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  • by Maya Twardzicki – Public Health Lead Surrey County Council, and
  • John Ryan, comedian, Lift the Lid Productions

There is “growing international acceptance of the notion that participation in the creative arts can be beneficial for wellbeing and health” (1) (2).  Although little of this research has focused on comedy as a creative art form, a review of effective health education approaches with young men showed humour is effective when communicating about sensitive topics such as mental health. (3)

Findings from a recent randomised control study suggest that mental health comedy might generally reduce stigma in people who use affiliative style humour (4). In a series of innovative public health projects in Surrey, post-show evaluation also showed comedy to be an effective way to raise awareness, get people talking and generate more positive attitudes about mental health in both the general and prison populations. (5)

Much stigma still surrounds mental health: 87% of service users reported its negative impact on their lives. (6) Stigma in the military population is also common, (7) more so among those with a mental disorder. It is an important contributing factor to the challenge of engaging military personnel with psychological support (8)   as it is known to be a barrier to seeking help. (9)

The challenge in reducing stigma in both public and military populations, is to achieve lasting attitude change. Although evaluation of the Time to Change public campaign indicates longer term attitude change, several anti-stigma interventions implemented in the UK armed forces have failed to modify stigmatising beliefs at longer follow up.

So together with the Academic Department of Military Mental Health at Kings College London, we tapped into the strong role of humour in military culture to evaluate the short and longer term impact of stand up comedy as a novel stigma-reduction in a sample of Army service personnel.

Focus groups were run with Army service personnel to help inform the mental health comedy show script and explored their experiences of mental health, related attitudes and barriers to help seeking.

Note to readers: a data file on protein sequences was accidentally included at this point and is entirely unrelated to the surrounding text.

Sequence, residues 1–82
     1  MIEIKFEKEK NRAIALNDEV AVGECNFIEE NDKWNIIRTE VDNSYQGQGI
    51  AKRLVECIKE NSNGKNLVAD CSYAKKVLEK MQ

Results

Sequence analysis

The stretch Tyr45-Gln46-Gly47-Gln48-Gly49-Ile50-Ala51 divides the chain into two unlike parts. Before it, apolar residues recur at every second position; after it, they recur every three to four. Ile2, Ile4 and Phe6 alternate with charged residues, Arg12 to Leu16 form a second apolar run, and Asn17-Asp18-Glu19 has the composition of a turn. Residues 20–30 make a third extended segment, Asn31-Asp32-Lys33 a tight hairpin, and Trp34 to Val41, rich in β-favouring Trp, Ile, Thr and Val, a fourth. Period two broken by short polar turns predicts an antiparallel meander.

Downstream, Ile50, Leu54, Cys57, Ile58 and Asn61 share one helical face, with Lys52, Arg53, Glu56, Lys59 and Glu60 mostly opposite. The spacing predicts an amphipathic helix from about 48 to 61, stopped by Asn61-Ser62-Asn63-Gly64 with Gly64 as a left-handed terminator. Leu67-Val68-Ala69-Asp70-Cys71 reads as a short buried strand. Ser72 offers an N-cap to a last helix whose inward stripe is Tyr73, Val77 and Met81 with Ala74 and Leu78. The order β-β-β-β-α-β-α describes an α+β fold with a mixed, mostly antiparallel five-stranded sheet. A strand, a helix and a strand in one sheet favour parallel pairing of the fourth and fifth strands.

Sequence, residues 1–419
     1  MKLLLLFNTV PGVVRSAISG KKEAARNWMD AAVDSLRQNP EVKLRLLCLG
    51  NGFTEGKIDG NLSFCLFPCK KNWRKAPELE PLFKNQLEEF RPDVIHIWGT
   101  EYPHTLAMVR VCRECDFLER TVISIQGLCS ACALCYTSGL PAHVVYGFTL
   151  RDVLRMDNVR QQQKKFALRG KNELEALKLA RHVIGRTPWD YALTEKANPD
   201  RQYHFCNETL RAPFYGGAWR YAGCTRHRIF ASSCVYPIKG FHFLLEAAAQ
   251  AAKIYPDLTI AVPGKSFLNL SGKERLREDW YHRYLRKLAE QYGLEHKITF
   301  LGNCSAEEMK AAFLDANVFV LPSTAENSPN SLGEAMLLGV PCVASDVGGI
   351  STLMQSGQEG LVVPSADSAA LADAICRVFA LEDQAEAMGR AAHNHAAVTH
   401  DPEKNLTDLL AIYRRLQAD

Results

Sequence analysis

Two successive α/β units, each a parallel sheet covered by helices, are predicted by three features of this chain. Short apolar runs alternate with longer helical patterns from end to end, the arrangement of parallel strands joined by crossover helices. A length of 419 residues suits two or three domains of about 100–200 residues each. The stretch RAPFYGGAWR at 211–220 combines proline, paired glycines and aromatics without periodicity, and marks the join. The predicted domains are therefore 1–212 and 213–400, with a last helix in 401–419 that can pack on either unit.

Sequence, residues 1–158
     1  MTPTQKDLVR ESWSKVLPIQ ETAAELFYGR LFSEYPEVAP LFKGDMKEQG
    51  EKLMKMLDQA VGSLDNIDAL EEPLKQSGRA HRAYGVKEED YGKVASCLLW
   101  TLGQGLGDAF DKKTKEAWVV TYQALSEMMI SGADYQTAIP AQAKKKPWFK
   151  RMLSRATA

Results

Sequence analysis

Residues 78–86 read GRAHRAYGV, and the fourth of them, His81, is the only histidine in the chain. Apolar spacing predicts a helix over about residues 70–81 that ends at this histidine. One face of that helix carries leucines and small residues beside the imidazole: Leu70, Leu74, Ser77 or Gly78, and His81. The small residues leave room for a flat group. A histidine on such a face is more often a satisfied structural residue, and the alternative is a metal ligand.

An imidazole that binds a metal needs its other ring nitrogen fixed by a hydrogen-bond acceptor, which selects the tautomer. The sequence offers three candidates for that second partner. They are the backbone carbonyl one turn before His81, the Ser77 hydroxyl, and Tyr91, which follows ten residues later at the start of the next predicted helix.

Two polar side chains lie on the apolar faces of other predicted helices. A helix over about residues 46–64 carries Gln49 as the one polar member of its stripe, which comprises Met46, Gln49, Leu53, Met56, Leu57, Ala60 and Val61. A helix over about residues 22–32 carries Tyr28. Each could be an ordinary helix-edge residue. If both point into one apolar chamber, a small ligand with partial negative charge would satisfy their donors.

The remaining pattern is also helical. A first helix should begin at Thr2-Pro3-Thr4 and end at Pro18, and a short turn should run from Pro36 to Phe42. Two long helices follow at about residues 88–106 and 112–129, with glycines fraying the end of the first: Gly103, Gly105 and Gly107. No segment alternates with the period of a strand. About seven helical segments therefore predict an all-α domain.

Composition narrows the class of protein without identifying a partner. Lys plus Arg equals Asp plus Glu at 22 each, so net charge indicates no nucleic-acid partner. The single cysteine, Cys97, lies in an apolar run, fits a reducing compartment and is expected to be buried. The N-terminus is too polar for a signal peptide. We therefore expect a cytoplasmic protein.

“We asked the men how they exercise their most important organ, they were surprised to realise it was their brain and how it benefits from wellbeing.” John Ryan, Comedian.

Personnel viewed a regular comedy show, which acted as a control, or a show containing mental health information and an additional comedian with experience in the military and of mental health problems. `Social contact` between those with and without mental health problems is an effective way to encourage more positive attitudes. (10)

John Ryan: “I said a good way to take control of your anxieties is to always finish what you start.  A lad replied ‘I finished my pint and watched the rest of the football match but didn’t feel any better’ “.

Before the show, immediately after and three months later, measures were taken (using recognised instruments/scales) of: military-based stigmatisation, potential discrimination, mental health related knowledge, self reported help-seeking and coping behaviour, talking about mental health, current mental health and alcohol use. Response rates were high pre and post show, but unfortunately very low at three month follow up due to many of the sample preparing to be or being deployed.

  • Satisfaction with the comedy show format was very high showing that it was an acceptable way to present mental health related messages.
  • Post-show, intervention group participants reported significantly less stigmatisation and were significantly more likely to answer mental health-related questions correctly